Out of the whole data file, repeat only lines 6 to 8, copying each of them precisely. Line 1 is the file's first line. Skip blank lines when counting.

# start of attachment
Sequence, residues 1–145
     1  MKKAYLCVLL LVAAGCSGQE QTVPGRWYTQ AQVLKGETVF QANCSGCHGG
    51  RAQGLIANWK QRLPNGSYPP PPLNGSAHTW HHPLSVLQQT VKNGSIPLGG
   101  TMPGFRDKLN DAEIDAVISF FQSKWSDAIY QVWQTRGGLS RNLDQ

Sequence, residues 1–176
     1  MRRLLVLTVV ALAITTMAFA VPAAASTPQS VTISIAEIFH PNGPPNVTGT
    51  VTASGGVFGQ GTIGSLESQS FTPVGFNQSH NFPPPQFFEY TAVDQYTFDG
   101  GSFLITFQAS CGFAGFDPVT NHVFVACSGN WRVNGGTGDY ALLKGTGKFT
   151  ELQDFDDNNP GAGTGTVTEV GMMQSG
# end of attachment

     1  MRRLLVLTVV ALAITTMAFA VPAAASTPQS VTISIAEIFH PNGPPNVTGT
    51  VTASGGVFGQ GTIGSLESQS FTPVGFNQSH NFPPPQFFEY TAVDQYTFDG
   101  GSFLITFQAS CGFAGFDPVT NHVFVACSGN WRVNGGTGDY ALLKGTGKFT